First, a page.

Summary: A message of encouragement to find hope in what appear to be hopeless circumstances.


Great Hope – Esther

Esther 4:16

Canyon Rim Community Church; May 8, 2005

Mark Scott; Senior Pastor

This morning we turn our attention to the fifth, of six Biblical characters, that made conscience and deliberate decisions which transformed their lives into greatness in the eyes of God. The inspiration for this preaching series is Jim Collins business book, “Good To Great”. One of the most important characteristics his researchers discovered present in every great corporation was a commitment to confront the brutal facts facing them – whatever they might be – yet, never losing faith that they would overcome however overwhelming the odds in doing so appeared to be.

The inspiration for that chapter could have been derived from the book of the Bible which we open today. The story of Esther is a portrait of a brave, devoted and shrewd man named Mordechi and his courageous, beautiful, young niece, Esther, who would become the Queen of the Persian king, Xerxes. It is appropriate that we would consider such a woman on a day when we honor women in our land on this very special day of tribute and recognition.

Already in this series, we have discovered that if a person is going to achieve greatness in the eyes of God, it will require great faith, great purpose, great courage, great passion and as we find today, great hope.

Hope – it is an interesting word – but one who’s meaning is not clear to many people. For most of us, hope is just another word for “wishfulness” – it even has a melancholy nature to it. However, in scripture, it is a much more powerful word. It connotes confidence and even certainty in the face of circumstances that present no visible reasons for such emotions.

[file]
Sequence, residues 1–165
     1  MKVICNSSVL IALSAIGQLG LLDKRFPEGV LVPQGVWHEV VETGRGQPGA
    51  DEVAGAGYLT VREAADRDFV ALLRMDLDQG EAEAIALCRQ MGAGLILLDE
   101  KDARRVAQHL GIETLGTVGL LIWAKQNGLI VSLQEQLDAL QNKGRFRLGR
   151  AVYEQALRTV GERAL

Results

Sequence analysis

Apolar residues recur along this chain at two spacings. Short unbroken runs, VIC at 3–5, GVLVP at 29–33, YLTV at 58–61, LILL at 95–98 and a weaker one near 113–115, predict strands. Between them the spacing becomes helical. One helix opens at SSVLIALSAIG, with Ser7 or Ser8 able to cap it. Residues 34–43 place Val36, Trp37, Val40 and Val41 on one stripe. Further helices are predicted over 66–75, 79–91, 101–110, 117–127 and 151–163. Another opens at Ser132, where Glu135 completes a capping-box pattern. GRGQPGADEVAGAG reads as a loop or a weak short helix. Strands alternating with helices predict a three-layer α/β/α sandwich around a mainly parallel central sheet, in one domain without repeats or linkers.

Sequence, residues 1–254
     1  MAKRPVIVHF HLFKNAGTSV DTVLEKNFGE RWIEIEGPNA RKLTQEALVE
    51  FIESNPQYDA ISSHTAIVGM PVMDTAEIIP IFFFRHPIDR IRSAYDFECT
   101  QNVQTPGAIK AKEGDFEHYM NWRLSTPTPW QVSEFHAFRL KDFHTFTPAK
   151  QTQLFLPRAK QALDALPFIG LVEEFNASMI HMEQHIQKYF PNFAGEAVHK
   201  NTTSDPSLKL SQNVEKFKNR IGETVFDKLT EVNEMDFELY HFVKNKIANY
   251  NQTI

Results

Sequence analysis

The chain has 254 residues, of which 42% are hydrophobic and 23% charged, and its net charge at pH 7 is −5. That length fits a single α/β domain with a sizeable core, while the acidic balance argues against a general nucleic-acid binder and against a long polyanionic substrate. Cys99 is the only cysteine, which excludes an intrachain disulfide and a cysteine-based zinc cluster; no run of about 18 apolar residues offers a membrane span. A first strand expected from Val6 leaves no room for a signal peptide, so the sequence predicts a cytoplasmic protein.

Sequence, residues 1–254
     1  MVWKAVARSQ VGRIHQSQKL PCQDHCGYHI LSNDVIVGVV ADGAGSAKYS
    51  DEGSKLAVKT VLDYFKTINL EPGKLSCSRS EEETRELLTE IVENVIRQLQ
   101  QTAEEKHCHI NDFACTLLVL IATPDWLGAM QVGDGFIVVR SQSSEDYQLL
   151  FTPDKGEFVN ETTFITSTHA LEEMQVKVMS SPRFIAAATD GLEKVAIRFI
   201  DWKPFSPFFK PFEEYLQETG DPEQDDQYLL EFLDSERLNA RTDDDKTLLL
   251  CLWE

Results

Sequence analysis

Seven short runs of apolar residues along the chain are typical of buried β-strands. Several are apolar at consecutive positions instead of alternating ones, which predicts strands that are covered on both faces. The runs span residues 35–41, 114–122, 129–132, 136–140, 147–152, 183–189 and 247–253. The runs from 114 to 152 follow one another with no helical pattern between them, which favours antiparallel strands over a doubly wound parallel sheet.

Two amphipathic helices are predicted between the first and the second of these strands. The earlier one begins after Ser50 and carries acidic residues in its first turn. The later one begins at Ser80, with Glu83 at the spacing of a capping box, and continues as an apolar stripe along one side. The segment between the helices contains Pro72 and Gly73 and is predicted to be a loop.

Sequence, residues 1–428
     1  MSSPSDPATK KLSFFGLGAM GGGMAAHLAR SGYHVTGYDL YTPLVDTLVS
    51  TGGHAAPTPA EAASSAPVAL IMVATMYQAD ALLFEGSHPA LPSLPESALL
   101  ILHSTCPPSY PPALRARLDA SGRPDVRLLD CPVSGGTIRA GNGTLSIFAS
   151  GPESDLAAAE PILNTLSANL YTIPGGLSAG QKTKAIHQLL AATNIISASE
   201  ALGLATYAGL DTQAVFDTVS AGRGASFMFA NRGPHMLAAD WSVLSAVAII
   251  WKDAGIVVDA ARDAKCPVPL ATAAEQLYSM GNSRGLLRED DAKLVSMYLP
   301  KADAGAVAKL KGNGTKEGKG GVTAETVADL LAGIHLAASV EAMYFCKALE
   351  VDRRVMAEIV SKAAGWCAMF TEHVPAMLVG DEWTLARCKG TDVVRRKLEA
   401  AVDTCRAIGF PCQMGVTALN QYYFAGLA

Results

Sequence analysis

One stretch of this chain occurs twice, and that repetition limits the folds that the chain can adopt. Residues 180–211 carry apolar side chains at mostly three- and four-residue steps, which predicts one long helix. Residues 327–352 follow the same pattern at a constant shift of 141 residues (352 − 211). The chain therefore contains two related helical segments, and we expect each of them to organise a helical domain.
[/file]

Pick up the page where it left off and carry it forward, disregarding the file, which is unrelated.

Today, I want to help you have more hope for the current circumstances you may find yourself facing. You may be here today feeling you are at the end of your rope. If so, you have come to the right place for I want you to discover three reasons your hope can be strong – if you will anchor yourself in a personal relationship with Jesus Christ.

Before we can do this, however, it is important that we get everyone up to speed on the story of Esther. Because of time’s sake, allow me to present the story to you in a nutshell.

The story takes place in Persia – also called Babylon, in scripture. One of the great kings of ancient history ruled there – a true empire building by the name of Xerxes. His queen was a beautiful woman by the name of Vashti. One day, the King ordered his wife to appear before him at a party so he could show everyone just how striking she was. When she refused, the king was furious. To make matters worse, the officials of the King suggested that if word of her refusal to obey her husband got around, no one else’s wife would think she had to listen to her husband. Imagine – a woman who dared not listen to what her husband said! (You’ve come a long way, baby).

King Xerexes wasn’t happy for long without a queen, so he ordered a search through the kingdom for a beautiful girl to be his bride. It wasn’t too long before the King’s scouts happened upon Esther. Esther was beautiful, gracious and kind -- just what the king was looking for. In no time at all, Esther was married to the king. Now Esther was a Jew. The Jews had been driven out of Israel, their home, about 70 years before and exiled in Persia. Although they did there best to make a living in this strange land, they prayed that someday they would be able to return to their home. Esther’s uncle Mordechai, was the leader of the Jews and a very shrewd individual. Mordechai encouraged Esther to hide her faith from the King and his advisors, which she did.

Haman had, by this time, become a powerful man in the kingdom - Prime Minister of Persia in fact. He decided that given his rise in power, it would be appropriate for everyone to bow down to him. But Mordechi refused to bow down to him. Haman was very angry and asked the King to authorize a royal decree to annihilate the Jews. Haman cast lots to determine the day this was to happen. And so it was decreed that in Adar of the coming year, on the 13th day of the month, all the Jews were to be killed, in every province and every nation of the land. There would be no place to run, and no place to hide. This is where our brave Queen Esther comes into the picture -- Mordechai, having found out about Haman’s evil intentions, sent Esther a message. He told her what Haman was plotting and asked her to go to the King on the Jews behalf.

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